Summer is here; time to break out the Burkini

Although Haniyyah Chapman’s outfit is not a trademarked Burqini, it is similar to what many Muslim women wear at the beach or pool.
Although Haniyyah Chapman’s outfit is not a trademarked Burqini, it is similar to what many Muslim women wear at the beach or pool. Amber Bledsoe

“Why are you wearing that thing on your head?” is a question I’ve been asked many times, and I’m happy for the opportunity to explain. As a Muslim woman I am required to cover my head and dress (and behave) modestly.

The Quran gives women specific guidance on how to dress: “… and do not display their beauty except what is apparent, and they should place their head coverings over their bosoms … they should cast their outer garments over their persons (when in public)…”

People have different interpretations of what that means, but most Muslims believe it means to cover everything but the face and hands and to wear loose clothing that does not show the shape of the body.

The concept is referred to as “wearing hijab,” but the word hijab is also used for the scarf that covers the hair.

From the time of puberty, women are required to wear hijab when they are around men who are not close relatives. My hijab comes off as soon as I get home (and when I’m around my girlfriends).

The reality is that the majority of Muslim women DO NOT wear hijab. As with any religion, there is a wide spectrum of adherence to the tenets of one’s faith. Judgment should not be made about women who do or do not cover. Some very devout women I know do not cover. Conversely, there are women who do cover, but who don’t understand much about their faith.

The Quran says, “Let there be no compulsion in religion.” Therefore, women should not be forced to wear hijab. A woman’s decision to cover is between her and God and should be made out of a desire to please him, and not just because it’s what her family or society expects.

Hijab styles are largely dictated by the culture/society a woman finds herself in and by her own personal style. Muslim women care about fashion to the same degree that non-Muslim women do. Some prefer to wear comfortable clothes every day, while others wear the latest fashions. There is a whole industry dedicated to Muslim women’s clothing, with Indonesia being the leader in the industry.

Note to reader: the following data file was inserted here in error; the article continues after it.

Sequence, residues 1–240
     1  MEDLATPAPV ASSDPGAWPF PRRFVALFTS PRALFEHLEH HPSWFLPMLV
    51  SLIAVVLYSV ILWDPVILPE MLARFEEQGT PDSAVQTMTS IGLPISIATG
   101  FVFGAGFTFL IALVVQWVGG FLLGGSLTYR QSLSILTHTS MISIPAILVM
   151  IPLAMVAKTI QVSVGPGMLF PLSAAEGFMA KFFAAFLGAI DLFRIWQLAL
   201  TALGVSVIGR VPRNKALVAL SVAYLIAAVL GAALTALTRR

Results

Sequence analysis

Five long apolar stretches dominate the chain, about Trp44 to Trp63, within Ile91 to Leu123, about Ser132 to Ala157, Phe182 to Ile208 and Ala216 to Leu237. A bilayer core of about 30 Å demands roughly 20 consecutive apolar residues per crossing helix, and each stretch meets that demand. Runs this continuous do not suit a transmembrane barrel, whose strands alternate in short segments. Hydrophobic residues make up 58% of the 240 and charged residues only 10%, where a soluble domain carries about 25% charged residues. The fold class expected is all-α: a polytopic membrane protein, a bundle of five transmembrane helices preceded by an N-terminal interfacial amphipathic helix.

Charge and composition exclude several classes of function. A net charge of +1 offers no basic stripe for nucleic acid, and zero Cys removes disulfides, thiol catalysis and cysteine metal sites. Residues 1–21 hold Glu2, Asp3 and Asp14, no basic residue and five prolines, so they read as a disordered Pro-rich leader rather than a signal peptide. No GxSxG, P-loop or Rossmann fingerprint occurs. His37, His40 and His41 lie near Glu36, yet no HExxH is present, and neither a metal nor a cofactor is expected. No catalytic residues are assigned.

Muslim Americans have a variety of choices for buying their clothes. Some shop online or at an assortment of ethnic stores. People seem disappointed when I tell them I get my clothes from Target or Marshalls. I look for loose-fitting, lightweight clothing that I can wear creatively, and I have a closet full of hijabs to match any outfit. Although the “dress-over-pants” trend is catching on in Hollywood, Muslim women have been rockin’ that look for a long time.

One Charlotte-based clothing option is, owned by Kawthar Suleiman, which features Western-style clothes suitable for Muslim women such as those sun-dresses and maxi skirts that are now in vogue. Another local company is Muslim Diva, owned by Hadiyah Weeks, a designer who creates fashion for Muslim women.

To me, wearing hijab isn’t just a fashion statement; it’s an outward demonstration of my desire to follow God’s commands. It feels like a protection from the dangers of this world and the next. It means my value and my worth to society should not be based on my sexuality or my physical attributes, but instead on the type of person I am, how devout I am, and how I treat others.

When a woman chooses to wear hijab at the beach, at the gym or on the job, she is not oppressed; she is liberated by her faith.

Rose Hamid of Charlotte is president of Muslim Women of the Carolinas